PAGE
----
Evidence in relation to tumor characteristics in very young patients with breast cancer nested in the ≤ 40-years-of-age–population is still contradictory. We found a higher proportion of HER2-enriched subtypes, lower PR expression, and a higher rate of patients with advanced disease at diagnosis, in relation to tumor size and clinical stage. Similarly, Kollias et al,5 documented that patients diagnosed with breast cancer at < 35 years of age were more likely to have high-grade tumors and vascular invasion. However, tumor size and lymph node involvement were similar between the included age groups. An analysis based on premenopausal patients referred to the European Institute of Oncology showed that among the very young group (< 35 years of age), there was a higher prevalence of high-grade tumors, tumors classified as HR negative, and HER2 overexpression.33 Analysis of very young patients has not shown any differences in some cohorts, contrary to our results.3,10 Breast cancer in women < 40 years of age should prompt one to consider familial breast cancer syndromes and genetic testing because this situation may have clinical consequences. Regrettably, our database does not contain information on germinal mutations.
With respect to surgery, young women are generally treated similarly to their older counterparts, because factors guiding surgical decisions are the same. However, younger women have higher local recurrence rates than older women when treated with breast-conserving surgery.34-37 In this setting, some authors have questioned whether breast-conserving therapy among young women represents optimal therapy.38-40 Nevertheless, no studies have demonstrated that conservative surgery in young women has a negative impact on survival. In our sample, breast-conserving surgery was performed more frequently in older patients. Series such as the ones published by Bharat et al6 or Fredholm et al,12 showed that young women were more likely to undergo mastectomy rather than breast-conservation therapy. It is difficult to ascertain whether these differences could be attributed to preference, tumor characteristics, or increased rates of germline mutations that demand more aggressive treatment, because other studies show that breast conservation rates are similar in both age groups.10
Adjuvant chemotherapy was administered to almost 60% of the younger patients compared with 36.66% of the older patients. Different authors reported that chemotherapy was more commonly given to young women.10,12,20 Similar to other studies, a high proportion of patients had undergone chemotherapy regimens including anthracyclines, which are often recommended for patients with a high risk of disease recurrence.33
Multiple questions still arise while addressing the topic of breast cancer in young patients. This analysis has shown considerable clinicopathologic differences between age groups in Argentina. The strengths of our study reside in its large, population-based sample and thorough analysis of its database. To our knowledge, this is the first study analyzing this unique population with breast cancer in our country. Unfortunately, missing information in the database was one of the principal limitations, in addition to the lack of outcome data because the health system in Argentina has limited follow-up access. The poor prognosis of young women with breast cancer raises critical questions, and treatment decisions in this age group are complex. We are in need of more high-quality evidence to enlighten our knowledge and to optimize strategies to help our patients.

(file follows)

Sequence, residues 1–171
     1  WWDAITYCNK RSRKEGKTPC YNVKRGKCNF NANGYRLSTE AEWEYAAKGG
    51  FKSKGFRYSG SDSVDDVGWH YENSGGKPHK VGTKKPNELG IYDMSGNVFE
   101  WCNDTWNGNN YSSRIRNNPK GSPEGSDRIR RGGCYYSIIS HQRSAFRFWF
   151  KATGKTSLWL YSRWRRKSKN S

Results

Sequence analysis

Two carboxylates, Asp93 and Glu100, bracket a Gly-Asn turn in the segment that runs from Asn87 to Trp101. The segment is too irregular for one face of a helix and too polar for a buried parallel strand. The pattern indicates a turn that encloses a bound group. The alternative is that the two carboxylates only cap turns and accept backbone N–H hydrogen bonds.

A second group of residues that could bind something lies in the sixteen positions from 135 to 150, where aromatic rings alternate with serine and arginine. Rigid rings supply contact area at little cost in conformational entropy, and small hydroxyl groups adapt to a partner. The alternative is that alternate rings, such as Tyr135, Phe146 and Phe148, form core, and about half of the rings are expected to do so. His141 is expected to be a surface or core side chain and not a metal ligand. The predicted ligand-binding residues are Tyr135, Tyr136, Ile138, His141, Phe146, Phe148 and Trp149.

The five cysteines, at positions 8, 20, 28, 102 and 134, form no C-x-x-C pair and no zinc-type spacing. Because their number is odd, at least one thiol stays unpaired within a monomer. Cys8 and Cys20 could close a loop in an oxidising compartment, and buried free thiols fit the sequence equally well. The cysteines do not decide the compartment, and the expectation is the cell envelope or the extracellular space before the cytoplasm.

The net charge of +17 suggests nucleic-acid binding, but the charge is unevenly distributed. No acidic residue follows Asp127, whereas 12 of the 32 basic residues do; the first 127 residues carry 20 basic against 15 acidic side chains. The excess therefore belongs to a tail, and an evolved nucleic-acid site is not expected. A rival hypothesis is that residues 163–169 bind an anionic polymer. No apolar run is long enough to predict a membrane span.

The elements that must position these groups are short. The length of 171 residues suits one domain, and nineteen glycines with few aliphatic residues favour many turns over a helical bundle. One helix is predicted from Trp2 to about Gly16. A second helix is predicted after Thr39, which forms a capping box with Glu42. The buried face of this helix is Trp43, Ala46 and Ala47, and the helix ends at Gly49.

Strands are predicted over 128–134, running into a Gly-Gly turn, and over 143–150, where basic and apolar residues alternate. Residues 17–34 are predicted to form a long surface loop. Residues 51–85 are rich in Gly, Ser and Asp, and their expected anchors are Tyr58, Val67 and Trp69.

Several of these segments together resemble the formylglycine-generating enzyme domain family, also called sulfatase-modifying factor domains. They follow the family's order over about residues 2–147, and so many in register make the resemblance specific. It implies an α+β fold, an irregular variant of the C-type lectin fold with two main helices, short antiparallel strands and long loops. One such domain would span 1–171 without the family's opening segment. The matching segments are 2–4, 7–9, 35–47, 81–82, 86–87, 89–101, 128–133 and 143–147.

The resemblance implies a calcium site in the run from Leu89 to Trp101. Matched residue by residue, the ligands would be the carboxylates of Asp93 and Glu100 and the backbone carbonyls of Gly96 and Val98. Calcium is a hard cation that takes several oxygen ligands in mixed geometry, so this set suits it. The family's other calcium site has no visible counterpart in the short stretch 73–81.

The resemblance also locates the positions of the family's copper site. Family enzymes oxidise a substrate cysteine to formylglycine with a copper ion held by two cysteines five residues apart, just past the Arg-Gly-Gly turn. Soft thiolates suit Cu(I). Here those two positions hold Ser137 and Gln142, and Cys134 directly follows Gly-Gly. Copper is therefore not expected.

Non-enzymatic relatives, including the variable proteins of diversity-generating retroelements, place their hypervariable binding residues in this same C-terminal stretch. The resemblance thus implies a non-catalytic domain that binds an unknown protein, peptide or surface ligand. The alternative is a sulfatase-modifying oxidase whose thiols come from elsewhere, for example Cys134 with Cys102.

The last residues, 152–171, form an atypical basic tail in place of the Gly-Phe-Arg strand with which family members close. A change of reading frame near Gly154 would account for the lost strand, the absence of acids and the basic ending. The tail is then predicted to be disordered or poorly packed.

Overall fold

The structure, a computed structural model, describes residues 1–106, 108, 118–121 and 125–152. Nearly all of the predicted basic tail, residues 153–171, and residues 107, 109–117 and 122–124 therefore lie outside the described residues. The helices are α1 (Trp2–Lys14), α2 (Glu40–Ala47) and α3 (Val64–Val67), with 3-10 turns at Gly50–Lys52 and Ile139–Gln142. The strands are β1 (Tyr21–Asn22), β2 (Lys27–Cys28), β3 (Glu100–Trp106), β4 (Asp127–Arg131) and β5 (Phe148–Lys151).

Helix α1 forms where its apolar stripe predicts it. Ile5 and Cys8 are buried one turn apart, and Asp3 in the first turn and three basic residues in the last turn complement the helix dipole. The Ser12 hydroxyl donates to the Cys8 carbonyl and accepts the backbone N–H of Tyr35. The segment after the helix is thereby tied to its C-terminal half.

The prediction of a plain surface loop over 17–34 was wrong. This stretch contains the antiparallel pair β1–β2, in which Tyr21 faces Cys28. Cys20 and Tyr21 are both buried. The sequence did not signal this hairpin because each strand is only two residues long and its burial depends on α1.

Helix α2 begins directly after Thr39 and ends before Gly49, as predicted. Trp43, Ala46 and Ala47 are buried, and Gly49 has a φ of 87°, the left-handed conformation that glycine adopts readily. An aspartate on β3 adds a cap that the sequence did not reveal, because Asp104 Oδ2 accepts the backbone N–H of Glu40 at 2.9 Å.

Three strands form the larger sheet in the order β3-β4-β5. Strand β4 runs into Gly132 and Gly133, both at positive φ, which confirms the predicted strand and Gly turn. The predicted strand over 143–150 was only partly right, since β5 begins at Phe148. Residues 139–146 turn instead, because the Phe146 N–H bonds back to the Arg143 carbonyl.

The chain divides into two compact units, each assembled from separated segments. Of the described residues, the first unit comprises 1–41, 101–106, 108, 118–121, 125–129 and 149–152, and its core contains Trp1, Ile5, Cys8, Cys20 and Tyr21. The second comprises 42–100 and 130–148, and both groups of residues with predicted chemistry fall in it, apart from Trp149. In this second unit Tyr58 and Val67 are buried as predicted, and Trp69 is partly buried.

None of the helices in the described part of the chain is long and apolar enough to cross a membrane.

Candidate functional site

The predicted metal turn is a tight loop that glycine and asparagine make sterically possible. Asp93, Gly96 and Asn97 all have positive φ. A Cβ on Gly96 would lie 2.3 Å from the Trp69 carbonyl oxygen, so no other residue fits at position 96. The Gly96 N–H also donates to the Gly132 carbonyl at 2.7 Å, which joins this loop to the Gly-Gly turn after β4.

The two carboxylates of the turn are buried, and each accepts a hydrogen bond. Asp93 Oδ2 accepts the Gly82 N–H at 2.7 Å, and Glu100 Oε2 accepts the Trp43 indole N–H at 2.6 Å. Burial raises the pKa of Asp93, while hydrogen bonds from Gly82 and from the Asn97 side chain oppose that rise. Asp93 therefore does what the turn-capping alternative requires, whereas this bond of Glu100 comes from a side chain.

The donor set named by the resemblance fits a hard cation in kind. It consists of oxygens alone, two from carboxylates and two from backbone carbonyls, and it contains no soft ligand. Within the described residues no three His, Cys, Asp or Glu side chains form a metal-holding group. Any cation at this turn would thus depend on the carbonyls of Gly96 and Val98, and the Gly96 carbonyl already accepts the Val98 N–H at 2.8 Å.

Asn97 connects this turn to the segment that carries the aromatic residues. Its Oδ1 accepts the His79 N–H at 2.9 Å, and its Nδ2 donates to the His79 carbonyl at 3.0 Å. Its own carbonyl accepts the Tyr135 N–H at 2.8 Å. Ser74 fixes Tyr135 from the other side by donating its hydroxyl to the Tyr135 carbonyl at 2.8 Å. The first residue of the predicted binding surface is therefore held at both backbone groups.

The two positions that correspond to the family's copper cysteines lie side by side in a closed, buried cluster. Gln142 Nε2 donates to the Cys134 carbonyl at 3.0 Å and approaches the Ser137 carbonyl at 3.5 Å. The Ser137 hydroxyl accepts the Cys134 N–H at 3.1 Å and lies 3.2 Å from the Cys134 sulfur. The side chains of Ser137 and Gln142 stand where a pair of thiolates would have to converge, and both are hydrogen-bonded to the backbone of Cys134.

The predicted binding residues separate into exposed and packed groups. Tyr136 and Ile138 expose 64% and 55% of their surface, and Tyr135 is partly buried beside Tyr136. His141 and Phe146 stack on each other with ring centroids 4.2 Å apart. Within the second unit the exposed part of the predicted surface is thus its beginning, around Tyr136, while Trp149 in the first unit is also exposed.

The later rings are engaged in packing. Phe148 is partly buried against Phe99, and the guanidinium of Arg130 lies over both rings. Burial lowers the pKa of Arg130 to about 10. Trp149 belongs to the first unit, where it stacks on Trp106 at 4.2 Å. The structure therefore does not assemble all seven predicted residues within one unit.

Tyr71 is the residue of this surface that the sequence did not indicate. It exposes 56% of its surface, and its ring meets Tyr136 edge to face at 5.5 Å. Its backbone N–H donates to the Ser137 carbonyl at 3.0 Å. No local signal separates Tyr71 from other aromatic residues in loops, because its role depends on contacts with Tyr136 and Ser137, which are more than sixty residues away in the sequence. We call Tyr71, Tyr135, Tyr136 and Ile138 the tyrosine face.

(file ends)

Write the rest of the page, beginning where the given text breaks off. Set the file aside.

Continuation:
Centers collaborating with the Registro de Cáncer de Mama: Breast Clínica de la Mama (La Plata, Buenos Aires); Hospital Fernandez (Ciudad Autónoma de Buenos Aires [CABA]); Instituto Alexander Fleming (CABA); Hospital General de Agudo “P. Piñero” (CABA); Hospital Penna (CABA); Instituto de Oncología “Angel Roffo” (CABA); Hospital Rivadavia (CABA); Hospital Marie Curie (CABA); Hospital Nacional de Clínicas (Córdoba); Sanatorio Modelo de Caseros (Buenos Aires); F. Gutierrez Zigaran, MD, Hospital Posadas (Buenos Aires); Hospital de la Madre y el Niño; Hospital Aeronáutico Central (CABA); Hospital Centro de Salud (Tucumán); Instituto Modelo de Ginecologia y Obstetricia (Córdoba); Corporación Médica San Martín (Buenos Aires); and Laura Ruiz Díaz, MD, Sanatorio Adventista del Plata (Entre Ríos).
Conception and design: Verónica Fabiano, Pablo Mandó, Manglio Rizzo, Carolina Ponce, Federico Coló, Martín Loza, Jose Loza, María Victoria Costanzo, Adrián Nervo, Jorge Nadal, Reinaldo Chacón
Administrative support: Mora Amat, Florencia Perazzo
Provision of study materials or patients: Verónica Fabiano, Federico Coló, Martín Loza, Jose Loza, Daniel Mysler, Adrián Nervo
Collection and assembly of data: Verónica Fabiano, Pablo Mandó, Federico Coló, María Victoria Costanzo, Jorge Nadal
Data analysis and interpretation: Pablo Mandó, Manglio Rizzo, Carolina Ponce, Mora Amat, Daniel Mysler, María Victoria Costanzo, Jorge Nadal, Florencia Perazzo
Manuscript writing: All authors
Final approval of manuscript: All authors
Accountable for all aspects of the work: All authors